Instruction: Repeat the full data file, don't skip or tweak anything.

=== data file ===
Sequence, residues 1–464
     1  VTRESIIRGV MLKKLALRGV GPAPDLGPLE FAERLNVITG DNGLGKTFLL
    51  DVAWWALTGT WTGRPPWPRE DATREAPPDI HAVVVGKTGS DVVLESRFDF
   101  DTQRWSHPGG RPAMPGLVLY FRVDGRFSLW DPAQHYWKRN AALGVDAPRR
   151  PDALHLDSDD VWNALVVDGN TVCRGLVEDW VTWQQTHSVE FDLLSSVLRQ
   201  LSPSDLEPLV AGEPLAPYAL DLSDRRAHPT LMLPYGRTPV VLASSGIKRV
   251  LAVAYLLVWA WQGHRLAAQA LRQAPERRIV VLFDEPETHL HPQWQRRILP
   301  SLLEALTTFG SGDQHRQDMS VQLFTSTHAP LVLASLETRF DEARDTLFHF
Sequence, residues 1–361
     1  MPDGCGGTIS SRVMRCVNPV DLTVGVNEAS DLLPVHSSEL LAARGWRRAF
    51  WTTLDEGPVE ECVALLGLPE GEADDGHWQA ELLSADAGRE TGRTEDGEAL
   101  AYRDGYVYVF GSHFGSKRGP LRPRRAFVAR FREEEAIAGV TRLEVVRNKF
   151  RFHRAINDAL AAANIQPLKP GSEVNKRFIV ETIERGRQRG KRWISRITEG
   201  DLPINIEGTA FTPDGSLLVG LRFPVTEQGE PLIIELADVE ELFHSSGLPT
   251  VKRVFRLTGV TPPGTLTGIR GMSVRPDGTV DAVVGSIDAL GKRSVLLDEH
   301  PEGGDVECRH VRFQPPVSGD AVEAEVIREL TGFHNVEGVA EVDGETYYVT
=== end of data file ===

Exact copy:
Sequence, residues 1–464
     1  VTRESIIRGV MLKKLALRGV GPAPDLGPLE FAERLNVITG DNGLGKTFLL
    51  DVAWWALTGT WTGRPPWPRE DATREAPPDI HAVVVGKTGS DVVLESRFDF
   101  DTQRWSHPGG RPAMPGLVLY FRVDGRFSLW DPAQHYWKRN AALGVDAPRR
   151  PDALHLDSDD VWNALVVDGN TVCRGLVEDW VTWQQTHSVE FDLLSSVLRQ
   201  LSPSDLEPLV AGEPLAPYAL DLSDRRAHPT LMLPYGRTPV VLASSGIKRV
   251  LAVAYLLVWA WQGHRLAAQA LRQAPERRIV VLFDEPETHL HPQWQRRILP
   301  SLLEALTTFG SGDQHRQDMS VQLFTSTHAP LVLASLETRF DEARDTLFHF
Sequence, residues 1–361
     1  MPDGCGGTIS SRVMRCVNPV DLTVGVNEAS DLLPVHSSEL LAARGWRRAF
    51  WTTLDEGPVE ECVALLGLPE GEADDGHWQA ELLSADAGRE TGRTEDGEAL
   101  AYRDGYVYVF GSHFGSKRGP LRPRRAFVAR FREEEAIAGV TRLEVVRNKF
   151  RFHRAINDAL AAANIQPLKP GSEVNKRFIV ETIERGRQRG KRWISRITEG
   201  DLPINIEGTA FTPDGSLLVG LRFPVTEQGE PLIIELADVE ELFHSSGLPT
   251  VKRVFRLTGV TPPGTLTGIR GMSVRPDGTV DAVVGSIDAL GKRSVLLDEH
   301  PEGGDVECRH VRFQPPVSGD AVEAEVIREL TGFHNVEGVA EVDGETYYVT